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Based on true events, Murder in Polná is a two-part television mini-series from the Czech Republic. It dramatizes the infamous trial of Leopold Hilsner (Karel Hermánek Jr.), who was accused in 1899 of murdering a 19-year-old girl. The young man’s status as a Jew, and the rumours that the murder was a blood ritual to make Passover matzo, vilified the man. Rising attorney Aurednícek (Jaroslav Plesl) and a highly regarded professor (Karel Roden) believe Hilsner has been scapegoated for a crime he didn’t commit. Can they persuade an anti-Semitic jury that Hilsner is innocent?

(Note: The reviewer only had access to the first episode of this two-part series.)

This noteworthy mini-series depicts a notorious trial in an engaging and often galvanizing fashion. The most arresting moments are the courtroom scenes. Beyond the unconventional tenor of the case, many of the statements uttered here come verbatim from the trial. Not only is much of the material shocking to witness, but the disgust of the townspeople hissing at Hilsner also gets under our skin. These moments are thick with suspense and unease. Hermánek Jr’s gripping turn as the scapegoated Hilsner makes the whole process even more discomfiting.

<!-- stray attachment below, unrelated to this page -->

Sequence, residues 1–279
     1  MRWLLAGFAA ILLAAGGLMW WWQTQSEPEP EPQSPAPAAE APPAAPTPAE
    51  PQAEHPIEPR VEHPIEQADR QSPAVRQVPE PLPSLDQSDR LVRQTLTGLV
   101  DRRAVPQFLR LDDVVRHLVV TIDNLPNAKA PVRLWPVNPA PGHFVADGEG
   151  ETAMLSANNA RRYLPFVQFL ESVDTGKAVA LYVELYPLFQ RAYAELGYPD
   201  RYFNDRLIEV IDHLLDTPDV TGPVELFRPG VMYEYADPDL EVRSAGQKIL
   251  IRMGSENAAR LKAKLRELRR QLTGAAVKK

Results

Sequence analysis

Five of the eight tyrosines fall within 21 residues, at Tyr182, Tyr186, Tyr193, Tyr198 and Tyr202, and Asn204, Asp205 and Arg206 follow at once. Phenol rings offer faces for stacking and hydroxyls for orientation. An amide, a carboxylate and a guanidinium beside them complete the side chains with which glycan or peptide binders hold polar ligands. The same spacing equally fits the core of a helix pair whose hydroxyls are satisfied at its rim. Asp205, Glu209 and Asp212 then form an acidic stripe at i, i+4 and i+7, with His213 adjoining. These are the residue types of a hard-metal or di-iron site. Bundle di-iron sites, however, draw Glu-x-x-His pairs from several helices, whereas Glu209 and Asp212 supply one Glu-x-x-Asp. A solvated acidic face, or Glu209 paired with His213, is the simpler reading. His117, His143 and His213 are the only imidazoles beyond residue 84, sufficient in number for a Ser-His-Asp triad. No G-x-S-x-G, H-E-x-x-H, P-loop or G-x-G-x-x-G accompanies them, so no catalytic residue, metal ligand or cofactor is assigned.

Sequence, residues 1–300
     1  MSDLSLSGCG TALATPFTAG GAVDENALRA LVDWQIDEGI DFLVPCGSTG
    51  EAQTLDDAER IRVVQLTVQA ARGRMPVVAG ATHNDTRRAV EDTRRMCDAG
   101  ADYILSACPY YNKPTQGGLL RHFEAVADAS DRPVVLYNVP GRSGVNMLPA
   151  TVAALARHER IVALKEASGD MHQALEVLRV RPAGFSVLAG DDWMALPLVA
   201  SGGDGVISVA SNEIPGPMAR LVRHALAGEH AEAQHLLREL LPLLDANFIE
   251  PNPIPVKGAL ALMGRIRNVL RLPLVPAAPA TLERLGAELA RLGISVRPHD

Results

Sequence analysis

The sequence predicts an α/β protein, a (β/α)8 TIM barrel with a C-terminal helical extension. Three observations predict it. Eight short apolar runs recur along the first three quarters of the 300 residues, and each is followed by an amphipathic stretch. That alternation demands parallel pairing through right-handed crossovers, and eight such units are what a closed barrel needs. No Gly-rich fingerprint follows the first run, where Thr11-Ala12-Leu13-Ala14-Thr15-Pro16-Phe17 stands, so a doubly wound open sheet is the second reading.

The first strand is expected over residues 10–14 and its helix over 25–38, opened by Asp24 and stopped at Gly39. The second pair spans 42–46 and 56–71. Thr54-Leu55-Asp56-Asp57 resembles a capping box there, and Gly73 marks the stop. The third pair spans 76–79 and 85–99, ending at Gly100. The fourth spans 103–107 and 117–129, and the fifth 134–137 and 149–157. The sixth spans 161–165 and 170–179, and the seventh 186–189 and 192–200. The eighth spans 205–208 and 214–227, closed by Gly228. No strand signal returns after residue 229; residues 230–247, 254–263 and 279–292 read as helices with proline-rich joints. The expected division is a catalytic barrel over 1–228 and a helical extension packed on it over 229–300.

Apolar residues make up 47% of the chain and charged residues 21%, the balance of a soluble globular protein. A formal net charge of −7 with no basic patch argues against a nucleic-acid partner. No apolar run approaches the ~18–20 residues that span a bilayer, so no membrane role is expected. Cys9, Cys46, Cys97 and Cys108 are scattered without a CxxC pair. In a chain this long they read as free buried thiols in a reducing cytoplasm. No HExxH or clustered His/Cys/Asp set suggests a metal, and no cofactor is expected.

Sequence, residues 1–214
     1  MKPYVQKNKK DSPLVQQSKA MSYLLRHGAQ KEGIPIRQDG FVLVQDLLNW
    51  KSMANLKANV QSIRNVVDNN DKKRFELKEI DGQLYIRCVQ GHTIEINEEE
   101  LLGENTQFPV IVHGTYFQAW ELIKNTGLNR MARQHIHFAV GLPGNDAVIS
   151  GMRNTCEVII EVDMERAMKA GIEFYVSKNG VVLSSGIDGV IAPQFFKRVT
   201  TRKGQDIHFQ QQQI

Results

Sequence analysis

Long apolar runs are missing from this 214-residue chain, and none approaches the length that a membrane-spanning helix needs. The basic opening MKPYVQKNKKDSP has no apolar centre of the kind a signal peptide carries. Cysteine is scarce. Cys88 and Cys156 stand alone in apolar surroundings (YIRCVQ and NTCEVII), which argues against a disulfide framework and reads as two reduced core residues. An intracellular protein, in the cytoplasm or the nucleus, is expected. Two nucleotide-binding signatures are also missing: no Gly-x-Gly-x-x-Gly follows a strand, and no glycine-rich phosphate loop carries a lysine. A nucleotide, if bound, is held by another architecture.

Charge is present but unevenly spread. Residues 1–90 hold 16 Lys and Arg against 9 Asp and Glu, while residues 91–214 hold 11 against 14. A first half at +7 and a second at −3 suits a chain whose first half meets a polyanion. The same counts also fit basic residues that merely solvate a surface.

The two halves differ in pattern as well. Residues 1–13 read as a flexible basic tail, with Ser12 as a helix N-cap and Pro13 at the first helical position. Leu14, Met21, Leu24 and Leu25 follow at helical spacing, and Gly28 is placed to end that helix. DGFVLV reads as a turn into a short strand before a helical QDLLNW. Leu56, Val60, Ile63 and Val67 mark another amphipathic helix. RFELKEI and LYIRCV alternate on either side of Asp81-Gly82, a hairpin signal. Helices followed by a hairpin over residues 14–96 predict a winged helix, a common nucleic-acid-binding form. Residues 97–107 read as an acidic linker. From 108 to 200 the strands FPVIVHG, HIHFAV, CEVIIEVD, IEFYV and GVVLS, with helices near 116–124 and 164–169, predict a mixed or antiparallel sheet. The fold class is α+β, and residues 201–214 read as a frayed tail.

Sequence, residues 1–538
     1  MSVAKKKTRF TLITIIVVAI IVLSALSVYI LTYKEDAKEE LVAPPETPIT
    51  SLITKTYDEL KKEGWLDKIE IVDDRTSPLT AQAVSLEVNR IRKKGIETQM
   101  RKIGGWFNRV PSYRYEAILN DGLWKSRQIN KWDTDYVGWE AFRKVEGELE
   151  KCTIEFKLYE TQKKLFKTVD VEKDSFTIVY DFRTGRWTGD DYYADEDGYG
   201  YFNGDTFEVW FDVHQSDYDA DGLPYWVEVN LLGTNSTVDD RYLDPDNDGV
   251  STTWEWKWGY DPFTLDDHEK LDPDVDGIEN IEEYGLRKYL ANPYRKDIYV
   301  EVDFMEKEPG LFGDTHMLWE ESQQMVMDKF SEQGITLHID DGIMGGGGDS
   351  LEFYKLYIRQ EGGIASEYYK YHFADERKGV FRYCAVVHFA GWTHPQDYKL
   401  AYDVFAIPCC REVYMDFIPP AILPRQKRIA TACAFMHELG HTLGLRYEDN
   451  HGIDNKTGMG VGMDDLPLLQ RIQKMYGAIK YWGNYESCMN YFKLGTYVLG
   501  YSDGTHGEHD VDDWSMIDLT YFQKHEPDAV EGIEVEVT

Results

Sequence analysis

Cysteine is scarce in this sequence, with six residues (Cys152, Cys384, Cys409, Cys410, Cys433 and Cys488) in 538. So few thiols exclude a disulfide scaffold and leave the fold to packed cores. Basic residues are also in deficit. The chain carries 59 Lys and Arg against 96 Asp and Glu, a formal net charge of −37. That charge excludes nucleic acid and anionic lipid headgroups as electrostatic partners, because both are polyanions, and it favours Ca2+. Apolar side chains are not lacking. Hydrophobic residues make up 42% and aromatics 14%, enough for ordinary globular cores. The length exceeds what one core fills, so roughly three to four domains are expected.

Still, even with an extended running time for television, Murder in Polná sometimes feels overly expository. This is a series that privileges speeches over visuals. One wishes director Viktor Polesný would have let the images speak louder, perhaps through digging more thoroughly into Hilsner and Aurednícek’s psychology. Moreover, the initial murder is portrayed in a way that feels tasteless and exploitative. This brutal sequence of death begins the film on a sickening note; here, suggestion would have been preferred.